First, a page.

Between May 30th and June 18th of ’65, Them had a brief residency at the famous Whisky a Go Go in Los Angeles. During the final week of their stint, The Doors (with lead singer Jim Morrison) opened for Them. Funny enough, this was the first time the Doors played at the Whisky, which would soon become their regular haunt. On the last night, the two bands and the two Morrisons jammed together on a 20 minute version of “Gloria” and then a 25 minute version of “In the Midnight Hour”. Them went on to headline at The Fillmore in San Francisco and then in Hawaii where things went awry. To be expected, it was the standard industry garbage with disputes erupting among both band and with management over financial arrangements. The band broke apart, with Van Morrison and Alan Henderson returning to Belfast, while Ray Elliot and David Harvey decided to stay in America.

Van has tried to put the Them break up in context by saying,¬† “There was no motive behind anything you did (back then). You just did it because you wanted to do it and you enjoyed doing it. That’s the way the thing started, but it got twisted somewhere along the way and everybody involved in it got twisted as well, including me.” [1967] “You can’t take something like that, put it in a box and place a neat little name on it, then try to sell it. That’s what they tried to do. That’s what killed Them.” [1973].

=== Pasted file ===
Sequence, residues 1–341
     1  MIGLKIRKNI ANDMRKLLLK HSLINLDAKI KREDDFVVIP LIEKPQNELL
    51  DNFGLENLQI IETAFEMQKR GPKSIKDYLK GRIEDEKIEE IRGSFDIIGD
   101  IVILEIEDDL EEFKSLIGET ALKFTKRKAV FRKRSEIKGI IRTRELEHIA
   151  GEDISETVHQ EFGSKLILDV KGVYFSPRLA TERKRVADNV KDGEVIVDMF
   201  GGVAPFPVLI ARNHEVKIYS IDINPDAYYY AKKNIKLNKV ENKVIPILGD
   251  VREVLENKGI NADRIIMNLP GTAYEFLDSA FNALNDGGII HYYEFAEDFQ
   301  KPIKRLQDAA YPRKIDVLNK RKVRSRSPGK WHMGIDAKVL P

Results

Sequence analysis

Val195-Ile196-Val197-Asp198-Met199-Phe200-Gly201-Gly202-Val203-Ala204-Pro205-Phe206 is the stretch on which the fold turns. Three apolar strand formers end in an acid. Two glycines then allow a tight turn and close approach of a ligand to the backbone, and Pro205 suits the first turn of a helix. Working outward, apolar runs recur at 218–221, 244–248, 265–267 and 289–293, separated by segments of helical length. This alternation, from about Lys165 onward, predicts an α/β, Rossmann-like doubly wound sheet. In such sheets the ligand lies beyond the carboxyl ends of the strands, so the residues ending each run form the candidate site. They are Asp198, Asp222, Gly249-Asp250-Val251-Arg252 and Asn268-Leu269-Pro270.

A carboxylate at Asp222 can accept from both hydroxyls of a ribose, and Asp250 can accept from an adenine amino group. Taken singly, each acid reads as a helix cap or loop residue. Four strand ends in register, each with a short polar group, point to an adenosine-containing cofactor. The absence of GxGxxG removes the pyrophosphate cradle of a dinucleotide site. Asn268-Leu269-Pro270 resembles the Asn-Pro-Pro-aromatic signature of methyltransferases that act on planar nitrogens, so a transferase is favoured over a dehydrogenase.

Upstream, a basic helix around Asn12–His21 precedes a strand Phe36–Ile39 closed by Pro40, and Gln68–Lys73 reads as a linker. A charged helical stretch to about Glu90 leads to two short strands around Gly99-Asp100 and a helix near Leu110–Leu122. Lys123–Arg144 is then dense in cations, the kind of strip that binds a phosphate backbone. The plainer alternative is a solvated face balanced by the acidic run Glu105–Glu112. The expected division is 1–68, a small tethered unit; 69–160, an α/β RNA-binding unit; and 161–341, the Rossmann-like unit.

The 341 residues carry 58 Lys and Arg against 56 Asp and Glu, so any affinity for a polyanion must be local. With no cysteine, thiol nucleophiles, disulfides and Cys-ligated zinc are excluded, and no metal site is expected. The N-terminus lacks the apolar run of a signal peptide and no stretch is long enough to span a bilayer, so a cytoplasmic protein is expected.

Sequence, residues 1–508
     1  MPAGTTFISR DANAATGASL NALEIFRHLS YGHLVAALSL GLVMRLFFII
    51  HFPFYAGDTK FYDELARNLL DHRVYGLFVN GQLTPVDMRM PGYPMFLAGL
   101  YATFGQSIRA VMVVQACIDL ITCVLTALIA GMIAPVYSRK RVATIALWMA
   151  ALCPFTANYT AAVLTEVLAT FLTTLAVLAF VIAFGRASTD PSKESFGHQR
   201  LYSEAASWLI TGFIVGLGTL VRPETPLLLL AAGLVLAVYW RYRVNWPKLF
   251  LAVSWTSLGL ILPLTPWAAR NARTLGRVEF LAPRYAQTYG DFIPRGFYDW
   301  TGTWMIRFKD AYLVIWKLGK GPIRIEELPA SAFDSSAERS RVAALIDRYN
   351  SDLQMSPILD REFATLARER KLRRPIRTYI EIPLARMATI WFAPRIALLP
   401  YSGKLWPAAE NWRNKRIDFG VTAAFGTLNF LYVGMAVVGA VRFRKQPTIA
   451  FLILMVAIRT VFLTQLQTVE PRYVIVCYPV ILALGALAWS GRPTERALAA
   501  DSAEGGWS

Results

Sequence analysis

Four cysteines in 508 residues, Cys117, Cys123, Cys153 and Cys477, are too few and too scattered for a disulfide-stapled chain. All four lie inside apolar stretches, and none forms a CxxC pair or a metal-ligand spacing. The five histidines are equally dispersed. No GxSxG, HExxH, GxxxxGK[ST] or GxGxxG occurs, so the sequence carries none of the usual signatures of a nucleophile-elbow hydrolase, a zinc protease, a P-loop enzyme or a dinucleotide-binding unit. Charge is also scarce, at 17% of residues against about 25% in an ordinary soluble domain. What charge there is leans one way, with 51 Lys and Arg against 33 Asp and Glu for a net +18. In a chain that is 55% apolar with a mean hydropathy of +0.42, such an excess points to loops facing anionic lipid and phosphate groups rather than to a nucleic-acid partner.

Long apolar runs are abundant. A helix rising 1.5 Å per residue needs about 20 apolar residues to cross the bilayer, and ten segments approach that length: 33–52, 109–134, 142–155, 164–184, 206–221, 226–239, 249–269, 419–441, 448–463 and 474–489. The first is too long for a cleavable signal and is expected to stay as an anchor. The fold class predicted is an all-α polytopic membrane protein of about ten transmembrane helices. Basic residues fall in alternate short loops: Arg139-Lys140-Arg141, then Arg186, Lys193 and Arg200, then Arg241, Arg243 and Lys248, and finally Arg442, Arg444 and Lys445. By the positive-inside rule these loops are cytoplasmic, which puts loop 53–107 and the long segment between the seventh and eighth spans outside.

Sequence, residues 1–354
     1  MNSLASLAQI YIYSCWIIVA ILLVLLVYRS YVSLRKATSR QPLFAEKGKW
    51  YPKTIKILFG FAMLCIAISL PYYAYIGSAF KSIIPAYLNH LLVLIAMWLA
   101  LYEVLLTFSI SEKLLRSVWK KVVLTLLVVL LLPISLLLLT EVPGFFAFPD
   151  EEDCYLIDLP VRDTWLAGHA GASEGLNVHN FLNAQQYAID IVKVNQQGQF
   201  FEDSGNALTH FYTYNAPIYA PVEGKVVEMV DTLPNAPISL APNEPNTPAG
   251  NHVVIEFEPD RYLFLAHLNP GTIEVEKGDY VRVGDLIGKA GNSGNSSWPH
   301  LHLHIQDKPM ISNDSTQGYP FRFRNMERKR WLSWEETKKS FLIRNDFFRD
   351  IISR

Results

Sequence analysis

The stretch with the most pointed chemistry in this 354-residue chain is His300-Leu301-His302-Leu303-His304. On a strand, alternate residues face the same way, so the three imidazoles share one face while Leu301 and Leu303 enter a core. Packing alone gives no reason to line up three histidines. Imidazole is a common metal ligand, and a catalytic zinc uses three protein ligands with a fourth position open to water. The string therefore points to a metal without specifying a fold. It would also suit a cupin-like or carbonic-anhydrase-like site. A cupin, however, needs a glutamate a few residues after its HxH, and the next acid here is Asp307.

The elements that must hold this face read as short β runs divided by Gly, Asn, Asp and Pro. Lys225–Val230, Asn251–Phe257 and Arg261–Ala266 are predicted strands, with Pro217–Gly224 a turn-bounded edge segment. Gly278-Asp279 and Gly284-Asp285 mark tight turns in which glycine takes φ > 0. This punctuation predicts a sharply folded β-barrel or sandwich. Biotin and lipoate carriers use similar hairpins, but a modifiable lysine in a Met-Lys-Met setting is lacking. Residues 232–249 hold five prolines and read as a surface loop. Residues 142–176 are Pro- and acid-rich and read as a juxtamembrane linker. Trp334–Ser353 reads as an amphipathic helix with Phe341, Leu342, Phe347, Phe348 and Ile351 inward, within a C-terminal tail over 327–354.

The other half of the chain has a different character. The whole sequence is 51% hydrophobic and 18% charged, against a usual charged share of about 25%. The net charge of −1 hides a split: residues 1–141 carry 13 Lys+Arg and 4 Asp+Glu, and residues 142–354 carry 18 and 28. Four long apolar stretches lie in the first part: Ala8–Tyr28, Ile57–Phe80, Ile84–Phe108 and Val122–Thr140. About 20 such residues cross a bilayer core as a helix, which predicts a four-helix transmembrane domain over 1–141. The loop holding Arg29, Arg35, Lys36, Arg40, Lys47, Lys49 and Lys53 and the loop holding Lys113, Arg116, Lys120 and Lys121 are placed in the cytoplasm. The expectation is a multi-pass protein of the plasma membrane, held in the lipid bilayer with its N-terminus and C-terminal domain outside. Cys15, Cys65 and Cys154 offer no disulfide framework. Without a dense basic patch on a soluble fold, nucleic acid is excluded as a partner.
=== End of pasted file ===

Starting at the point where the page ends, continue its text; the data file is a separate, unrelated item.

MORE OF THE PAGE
As I said way up at the top of this post, here are a few fantastic live performances from¬† Them in all their glory. The first is “Here Comes The Night” from that infamous concert at the NME Poll Winners concert at the Empire Pool in Wembley, England on April 11, 1965.

The second is the classic “Gloria” from a (rather odd) 1966 French TV performance. I’m especially confused about what the flashes of the donkey are supposed to indicate but despite that, it’s no less cool.

This last one is a bit more rare and, in my mind, really captures the essence of this band. It’s a 2 song open-air performance in London that includes “Call My Name” and “Mystic Eyes”. The latter features Van on harmonica… which I really dig.

References: